The 8 should have stayed with Junior

From the time I was in grade school I chose jersey No. 9 for all possible athletic exploits. Every kid in the South fought like hell over No. 3 (Dale Murphy), and we were no different. Once my buddy Bones (still my best friend) secured it, I chose Mama's birthday, Dec. 9.

There were 85s and 34s and 7s sprinkled in there sporadically when an older kid wanted the 9-er, but nothing else ever felt quite right. I had a vanity plate in college pronouncing my beloved digit, and in the mid-90s fast-food joints all over the New River Valley were devoid of window statics proclaiming 99-cent tacos or the $3.99 value meal.

To this day, my personal e-mail address centers on the numeral 9. My wife and I went to the Vatican last year and I stopped on the ninth floor just to pose by the marble block inscribed "IX."

I bore you with all this mess to illustrate how important jersey numbers are to most dudes. It sounds completely ridiculous, but it's part of an athlete's identity.

Washington Redskins running back Clinton Portis bought No. 26 from a journeyman defensive back for 40 grand; he even got sued when he didn't pay up on time. When Tom Glavine was traded from the Atlanta Braves to the New York Mets, he financed a nursery in teammate Joe McEwing's home in exchange for jersey No. 47. Brian Jordan bought a $40,000 motorcycle for a Braves third-base coach to score the No. 33.

You get the idea.

Too bad Teresa Earnhardt was too stubborn to be bought.

That AMP car would look sick with a big ol' red 8 slapped on the side. Dale Earnhardt Jr. designs a gorgeous race car, and has settled well into the 88. But for me he'll always be No. 8.

It fit him perfectly. His grandfather's number, it was part of the family lineage. His ol' man drove it some, too. And from the very second the Budweiser Chevy was unveiled at Dale Earnhardt Inc. in 1998, it became Junior's identity.

It was one of the three most famous race cars in NASCAR history: the Petty blue 43, the black Earnhardt 3 and Junior's red 8.

It's more famous than Pearson's 21 or Darrell's 11 or Rusty's 2. Just is. You can't convince me otherwise.

The (Junior) Nation proves it. From Spokane to Sebring, there are slanted 8s tattooed on arms and legs and posterior regions and heaven knows where else. Budweiser made a commercial once joking about the phenomenon, how people would completely freak out if he were to change his number. As if that would ever happen.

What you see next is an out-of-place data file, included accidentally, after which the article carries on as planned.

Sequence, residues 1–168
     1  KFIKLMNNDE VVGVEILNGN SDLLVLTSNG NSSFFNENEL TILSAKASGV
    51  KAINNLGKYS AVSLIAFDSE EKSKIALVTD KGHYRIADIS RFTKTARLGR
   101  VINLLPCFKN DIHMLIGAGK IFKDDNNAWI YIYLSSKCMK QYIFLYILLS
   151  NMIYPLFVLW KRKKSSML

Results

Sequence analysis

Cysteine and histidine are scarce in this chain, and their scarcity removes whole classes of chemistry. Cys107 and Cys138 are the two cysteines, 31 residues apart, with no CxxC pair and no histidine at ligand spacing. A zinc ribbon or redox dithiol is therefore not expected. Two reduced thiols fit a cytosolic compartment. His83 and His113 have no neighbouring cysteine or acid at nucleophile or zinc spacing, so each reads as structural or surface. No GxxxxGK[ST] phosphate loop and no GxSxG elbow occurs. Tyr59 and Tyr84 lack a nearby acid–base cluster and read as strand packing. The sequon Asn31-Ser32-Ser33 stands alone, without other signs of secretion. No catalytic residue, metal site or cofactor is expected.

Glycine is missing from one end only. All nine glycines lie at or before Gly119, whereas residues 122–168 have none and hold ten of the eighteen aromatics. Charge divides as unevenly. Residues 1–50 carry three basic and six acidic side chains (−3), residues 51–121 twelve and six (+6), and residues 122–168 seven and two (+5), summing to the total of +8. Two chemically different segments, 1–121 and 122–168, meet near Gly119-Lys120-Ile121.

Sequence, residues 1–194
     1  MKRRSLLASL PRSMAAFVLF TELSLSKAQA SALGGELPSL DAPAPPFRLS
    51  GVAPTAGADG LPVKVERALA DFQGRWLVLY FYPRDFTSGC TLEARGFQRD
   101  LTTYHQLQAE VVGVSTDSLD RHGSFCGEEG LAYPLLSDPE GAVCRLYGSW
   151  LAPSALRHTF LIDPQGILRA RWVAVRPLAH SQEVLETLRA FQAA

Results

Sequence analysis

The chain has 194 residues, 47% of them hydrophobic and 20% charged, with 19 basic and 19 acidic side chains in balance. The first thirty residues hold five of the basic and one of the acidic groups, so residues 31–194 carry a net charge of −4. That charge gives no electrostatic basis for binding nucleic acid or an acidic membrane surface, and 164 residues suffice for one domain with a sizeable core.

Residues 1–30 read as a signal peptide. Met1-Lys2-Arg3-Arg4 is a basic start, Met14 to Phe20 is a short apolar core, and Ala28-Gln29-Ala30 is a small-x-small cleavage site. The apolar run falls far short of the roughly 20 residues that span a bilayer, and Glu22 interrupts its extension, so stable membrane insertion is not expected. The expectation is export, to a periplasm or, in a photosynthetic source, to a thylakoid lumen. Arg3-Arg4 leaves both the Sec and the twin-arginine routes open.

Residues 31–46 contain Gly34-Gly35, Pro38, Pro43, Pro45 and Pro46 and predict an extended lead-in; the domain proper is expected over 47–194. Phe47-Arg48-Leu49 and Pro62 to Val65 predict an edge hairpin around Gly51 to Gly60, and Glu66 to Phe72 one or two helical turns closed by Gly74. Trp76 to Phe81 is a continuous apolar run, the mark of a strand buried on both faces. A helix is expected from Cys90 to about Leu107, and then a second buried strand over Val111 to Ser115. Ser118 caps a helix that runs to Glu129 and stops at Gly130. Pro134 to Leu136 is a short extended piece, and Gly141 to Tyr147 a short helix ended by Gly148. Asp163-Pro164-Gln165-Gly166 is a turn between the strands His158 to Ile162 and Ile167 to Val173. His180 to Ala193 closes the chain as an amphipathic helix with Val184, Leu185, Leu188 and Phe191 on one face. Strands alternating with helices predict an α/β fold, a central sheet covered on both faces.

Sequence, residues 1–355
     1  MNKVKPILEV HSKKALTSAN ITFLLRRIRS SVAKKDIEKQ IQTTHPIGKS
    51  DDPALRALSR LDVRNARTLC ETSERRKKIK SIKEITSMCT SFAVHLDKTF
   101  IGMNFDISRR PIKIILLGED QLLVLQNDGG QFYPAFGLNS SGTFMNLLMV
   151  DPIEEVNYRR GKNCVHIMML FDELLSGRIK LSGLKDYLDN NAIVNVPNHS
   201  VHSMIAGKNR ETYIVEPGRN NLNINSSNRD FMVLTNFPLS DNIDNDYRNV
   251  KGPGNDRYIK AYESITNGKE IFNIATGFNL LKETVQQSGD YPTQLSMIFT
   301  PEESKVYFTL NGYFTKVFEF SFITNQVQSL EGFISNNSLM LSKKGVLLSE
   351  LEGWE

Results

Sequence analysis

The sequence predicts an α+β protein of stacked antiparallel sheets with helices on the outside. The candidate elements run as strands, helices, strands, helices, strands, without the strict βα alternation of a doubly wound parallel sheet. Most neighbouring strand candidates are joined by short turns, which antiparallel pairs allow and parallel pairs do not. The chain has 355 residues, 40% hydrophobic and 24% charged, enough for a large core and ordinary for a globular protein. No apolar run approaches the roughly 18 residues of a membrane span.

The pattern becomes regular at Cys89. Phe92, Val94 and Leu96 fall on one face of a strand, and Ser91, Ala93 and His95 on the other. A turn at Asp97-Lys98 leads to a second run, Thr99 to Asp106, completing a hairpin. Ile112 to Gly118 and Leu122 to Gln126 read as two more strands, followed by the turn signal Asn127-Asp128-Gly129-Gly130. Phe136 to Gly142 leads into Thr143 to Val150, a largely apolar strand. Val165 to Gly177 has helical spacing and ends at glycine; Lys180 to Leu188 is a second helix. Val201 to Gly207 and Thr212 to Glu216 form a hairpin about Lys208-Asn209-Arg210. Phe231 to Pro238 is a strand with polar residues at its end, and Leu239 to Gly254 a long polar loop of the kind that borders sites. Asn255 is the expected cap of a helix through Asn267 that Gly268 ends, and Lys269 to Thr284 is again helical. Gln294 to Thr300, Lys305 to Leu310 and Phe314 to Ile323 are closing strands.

You just don't see that with 24s or 48s or 18s or anything else. Occasionally, sure, but not to that degree.

And you don't see it in other sports. Because for fans, in other sports it's not about numbers. It's about team logos.

NASCAR is numbers. In NASCAR it's not the DuPont car. It's the 24. It's not the Office Depot car. It's the 14. In stick-and-ball sports there might be 30 No. 12s across the league. In NASCAR there's one.

That makes the relationship between driver and number even more identifiable.

And that makes the fact that the 8 is now dormant even sadder.

Earnhardt Ganassi Racing reportedly will suspend operations of the No. 8 due to lack of sponsorship; further proof, as if any were needed, that the number should have gone with Junior to Hendrick Motorsports.

But Teresa Earnhardt was having none of it. Her stipulations for forking it over? A portion of the licensing revenue and guaranteed return of the number when Junior was done driving, among other things.

Ultimately, the divide was too great.

It was a shame then. It's an even bigger shame now.

Even if Junior wanted the number now, he still couldn't get it. EGR told me it's not for sale.

When Tony Stewart left Joe Gibbs, folks wondered if he'd take the 20. It was all he'd ever driven in NASCAR, and was part of his competitive identity. But as it turned out it wasn't much of a story, not nearly as dramatic or passionate as whether Earnhardt would keep the 8.

That's because Stewart got to go drive a childhood hero's number.

Earnhardt already was.

Now, The Six …


We Jeff Gordon fans are so proud of him! Not only does he break the losing streak but did it at Texas! I admit there were times last year I thought he might be finished, but he's a new man this year. What's changed to make him so much more competitive this season?

-- Marjorie Tate, Camden, N.J.

Work/life balance, Marjorie. In 2008 Gordon was learning to adjust to fatherhood. He brought his family to the racetrack for entire race weekends, and tried to give full focus to the race car during the day and full focus to his family at night. Admirable, certainly. But it just didn't work.

You love your spouse and kids, but few of you bring them to the office.

Like all children, there were times when his daughter wouldn't sleep, so neither did Mama or Daddy. NASCAR drivers must be fully invested in that race car from Friday morning until Sunday evening if they're to have any chance to succeed, and lack of sleep doesn't fit in the equation. So this year the Gordons altered the plan a bit. The family typically arrives on Sundays, if at all.

Gordon is also more fit and -- sounds corny -- but healthier in mind and spirit. That transfers to the race car or the boardroom or the work site, whether you want to believe it or not.

Then there's his experience. With the no-testing rule, teams with experienced drivers have a substantial advantage. Gordon has now won on every track but one. He knows every bump, fissure and weekend-evolution tendency on every one of them.

Back at Atlanta I asked his crew chief, Steve Letarte, what type of advantage that was.

"Oh. Huge."